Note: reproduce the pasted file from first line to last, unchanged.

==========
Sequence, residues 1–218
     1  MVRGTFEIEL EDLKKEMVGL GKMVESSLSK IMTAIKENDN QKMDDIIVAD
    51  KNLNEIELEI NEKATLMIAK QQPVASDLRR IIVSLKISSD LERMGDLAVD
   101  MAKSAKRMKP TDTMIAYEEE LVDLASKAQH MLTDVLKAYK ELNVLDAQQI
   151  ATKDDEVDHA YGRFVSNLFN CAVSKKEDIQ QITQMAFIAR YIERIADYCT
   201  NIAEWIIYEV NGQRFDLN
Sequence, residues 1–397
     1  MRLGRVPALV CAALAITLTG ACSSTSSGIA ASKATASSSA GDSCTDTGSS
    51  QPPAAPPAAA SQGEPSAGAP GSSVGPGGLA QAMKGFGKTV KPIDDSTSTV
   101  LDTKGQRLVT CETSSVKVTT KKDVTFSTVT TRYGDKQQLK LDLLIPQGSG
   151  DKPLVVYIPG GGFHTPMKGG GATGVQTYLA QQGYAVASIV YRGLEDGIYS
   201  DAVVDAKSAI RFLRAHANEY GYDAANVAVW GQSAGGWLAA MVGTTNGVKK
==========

Sequence, residues 1–218
     1  MVRGTFEIEL EDLKKEMVGL GKMVESSLSK IMTAIKENDN QKMDDIIVAD
    51  KNLNEIELEI NEKATLMIAK QQPVASDLRR IIVSLKISSD LERMGDLAVD
   101  MAKSAKRMKP TDTMIAYEEE LVDLASKAQH MLTDVLKAYK ELNVLDAQQI
   151  ATKDDEVDHA YGRFVSNLFN CAVSKKEDIQ QITQMAFIAR YIERIADYCT
   201  NIAEWIIYEV NGQRFDLN
Sequence, residues 1–397
     1  MRLGRVPALV CAALAITLTG ACSSTSSGIA ASKATASSSA GDSCTDTGSS
    51  QPPAAPPAAA SQGEPSAGAP GSSVGPGGLA QAMKGFGKTV KPIDDSTSTV
   101  LDTKGQRLVT CETSSVKVTT KKDVTFSTVT TRYGDKQQLK LDLLIPQGSG
   151  DKPLVVYIPG GGFHTPMKGG GATGVQTYLA QQGYAVASIV YRGLEDGIYS
   201  DAVVDAKSAI RFLRAHANEY GYDAANVAVW GQSAGGWLAA MVGTTNGVKK